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How One Strategist Uses Core Bond ETFs


Ten-year Treasury yields have fallen 12% this year, sending billions of dollars into fixed income exchange trade funds. Much of that has been institutional money.

However, 10-year yields are up 3.7% in the past month and investors have pulled over $1.3 billion from the iShares 7-10 Year Treasury Bond ETF (IEF) in just the past week. Both are signs some investors could be preparing for interest rates to soon rise.

Boston-based ETF strategist Newfound Research, which launched earlier this year, runs a bond strategy aimed at achieving the same diversification and stock hedging exposure offered by long-dated U.S. Treasuries while mitigating interest rate risk.

“An investment universe of 12 global fixed income ETFs, with a range of credit and duration profiles is combined with six long U.S. equity ETFs and four long/short U.S. equity ETFs. A quantitative process, which is reviewed weekly, attempts to dynamically reallocate with three different ‘sleeves’ using forward volatility assumptions,” said S&P Capital IQ in a new research note.

Newfound’s Income Generation strategy seeks to achieve a 4% yield with reduced volatility, according to S&P Capital IQ.

Top holdings in that strategy include the iShares iBoxx $ High Yield Corporate Bond ETF (HYG) , the largest junk bond ETF. In late June, the average yield on junk U.S. corporates fell to a record low of 4.93% while the spread between high-yield and investment-grade corporates tumbled to its lowest level in seven years.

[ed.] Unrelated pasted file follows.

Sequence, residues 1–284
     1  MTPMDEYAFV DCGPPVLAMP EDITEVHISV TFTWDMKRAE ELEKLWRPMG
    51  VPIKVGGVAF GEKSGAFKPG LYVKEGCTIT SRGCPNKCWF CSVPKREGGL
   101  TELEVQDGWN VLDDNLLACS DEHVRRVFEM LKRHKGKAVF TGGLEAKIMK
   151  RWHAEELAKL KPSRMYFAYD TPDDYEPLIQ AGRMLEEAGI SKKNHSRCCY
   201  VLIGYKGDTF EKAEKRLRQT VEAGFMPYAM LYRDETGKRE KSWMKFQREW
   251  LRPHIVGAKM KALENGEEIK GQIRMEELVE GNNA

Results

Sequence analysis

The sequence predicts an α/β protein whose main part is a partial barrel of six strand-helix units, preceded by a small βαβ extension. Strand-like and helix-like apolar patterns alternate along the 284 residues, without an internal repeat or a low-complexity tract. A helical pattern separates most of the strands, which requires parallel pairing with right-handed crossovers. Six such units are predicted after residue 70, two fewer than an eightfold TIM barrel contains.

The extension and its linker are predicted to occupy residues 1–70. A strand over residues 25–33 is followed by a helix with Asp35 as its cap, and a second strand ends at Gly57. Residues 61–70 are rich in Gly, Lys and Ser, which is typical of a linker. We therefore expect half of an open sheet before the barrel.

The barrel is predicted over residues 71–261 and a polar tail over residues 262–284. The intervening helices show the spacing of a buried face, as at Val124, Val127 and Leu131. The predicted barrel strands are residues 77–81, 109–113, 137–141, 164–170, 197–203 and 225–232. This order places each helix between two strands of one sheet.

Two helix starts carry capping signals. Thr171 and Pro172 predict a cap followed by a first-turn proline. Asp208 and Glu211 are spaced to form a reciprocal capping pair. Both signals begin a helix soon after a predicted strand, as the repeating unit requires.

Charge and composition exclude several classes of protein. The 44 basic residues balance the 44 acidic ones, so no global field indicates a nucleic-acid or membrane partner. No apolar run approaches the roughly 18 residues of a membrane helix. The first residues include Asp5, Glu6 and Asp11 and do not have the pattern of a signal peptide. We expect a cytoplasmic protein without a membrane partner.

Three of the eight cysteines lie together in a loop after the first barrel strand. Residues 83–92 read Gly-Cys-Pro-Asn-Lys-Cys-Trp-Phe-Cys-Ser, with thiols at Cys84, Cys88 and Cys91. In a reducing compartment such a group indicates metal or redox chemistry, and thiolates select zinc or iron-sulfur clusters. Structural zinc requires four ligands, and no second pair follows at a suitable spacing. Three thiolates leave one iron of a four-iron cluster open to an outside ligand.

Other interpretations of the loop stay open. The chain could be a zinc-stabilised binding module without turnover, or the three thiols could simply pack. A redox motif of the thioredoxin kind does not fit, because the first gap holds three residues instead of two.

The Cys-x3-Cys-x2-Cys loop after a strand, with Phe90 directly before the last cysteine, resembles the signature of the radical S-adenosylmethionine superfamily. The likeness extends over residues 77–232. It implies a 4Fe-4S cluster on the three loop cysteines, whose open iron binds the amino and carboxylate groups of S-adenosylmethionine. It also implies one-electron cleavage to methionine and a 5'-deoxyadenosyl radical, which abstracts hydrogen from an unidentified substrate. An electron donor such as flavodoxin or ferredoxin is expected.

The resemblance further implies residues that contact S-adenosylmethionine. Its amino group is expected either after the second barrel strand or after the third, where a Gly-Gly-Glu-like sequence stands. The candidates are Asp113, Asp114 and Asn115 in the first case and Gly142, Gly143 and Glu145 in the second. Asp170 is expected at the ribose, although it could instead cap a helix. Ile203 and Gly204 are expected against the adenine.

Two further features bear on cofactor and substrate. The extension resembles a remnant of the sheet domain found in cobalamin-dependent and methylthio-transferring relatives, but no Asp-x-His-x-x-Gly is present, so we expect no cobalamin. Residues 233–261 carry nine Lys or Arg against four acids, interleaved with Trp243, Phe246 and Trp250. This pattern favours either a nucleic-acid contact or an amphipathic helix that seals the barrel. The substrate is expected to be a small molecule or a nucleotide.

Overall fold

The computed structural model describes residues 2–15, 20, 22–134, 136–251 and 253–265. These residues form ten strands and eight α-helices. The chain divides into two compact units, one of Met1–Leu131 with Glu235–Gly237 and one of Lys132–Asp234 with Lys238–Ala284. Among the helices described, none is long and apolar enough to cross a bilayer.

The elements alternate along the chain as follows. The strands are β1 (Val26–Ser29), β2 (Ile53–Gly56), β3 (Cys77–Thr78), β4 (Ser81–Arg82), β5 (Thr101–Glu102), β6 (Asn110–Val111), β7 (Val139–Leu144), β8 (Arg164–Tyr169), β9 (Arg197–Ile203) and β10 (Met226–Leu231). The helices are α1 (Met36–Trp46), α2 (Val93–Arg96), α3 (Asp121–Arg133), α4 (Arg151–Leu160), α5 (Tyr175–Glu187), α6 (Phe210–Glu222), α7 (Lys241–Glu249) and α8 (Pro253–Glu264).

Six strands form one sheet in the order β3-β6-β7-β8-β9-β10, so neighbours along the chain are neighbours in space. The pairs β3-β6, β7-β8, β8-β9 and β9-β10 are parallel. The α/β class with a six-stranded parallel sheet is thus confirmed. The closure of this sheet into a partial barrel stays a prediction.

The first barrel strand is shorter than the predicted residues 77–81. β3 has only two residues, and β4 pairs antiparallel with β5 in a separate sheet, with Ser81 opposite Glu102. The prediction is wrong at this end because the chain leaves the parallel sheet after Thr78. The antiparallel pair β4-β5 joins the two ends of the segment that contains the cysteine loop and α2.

Some market observers believe those are signs investors are taking excessive with not enough compensation from high-yield bonds. [Bond ETFs Beloved in 2014]

Newfound’s Income Generation strategy also holds a stake in the iShares 1-3 Year Credit Bond ETF (CSJ) . The $11.9 billion CSJ has a 30-day SEC yield of 0.69% and an effective duration of 1.95 years. CSJ has a 0.2% expense ratio and a bid/ask spread of $0.03, notes S&P Capital IQ.

Equity positions in the strategy include the PowerShares S&P 500 Low Volatility Portfolio (SPLV) . SPLV has surged 8.1% this year, a move critics of low volatility ETFs assert is attributable to the ETF’s 24.1% weight to the utilities sector, the best performer in the S&P 500 this year.

SPLV holds the 100 S&P 500 stocks that are ranked as least volatile on a trailing 12-month basis, but that does not mean the ETF is permanently wed to the utilities sector. If utilities volatility spiked and/or volatility dramatically declined in another sector, SPLV’s utilities exposure would be drop. [Low Volatility ETFs Make a Comeback]

SPLV has also benefited from the return to value sectors, including industrials, which represent 16.4% of the ETF’s weight. SPLV has a trailing 12-month yield of 2.4% and pays a monthly dividend.

Newfound is also bullish on the new, actively managed PowerShares Multi-Strategy Alternative Portfolio (LALT) .

LALT tracks a proprietary benchmark developed by Morgan Stanley (MS) that is comprised of quantitative, rules-based strategies. The benchmark seeks to capture non-tradition risk premia across multiple asset classes, including equities, bonds, currencies and volatility instruments. [New Liquid Alts Idea]

“In the nontraditional income space, we see broad momentum tailwinds across all asset classes, but our income models tilt towards the bank loan, high-yield, preferred equities and mortgage REITs on a risk-adjusted yield basis,” Newfound Research Vice President Andrew Gogerty said in an interview with Investor’s Business Daily.

PowerShares S&P 500 Low Volatility Portfolio


Tom Lydon’s clients own shares of HYG.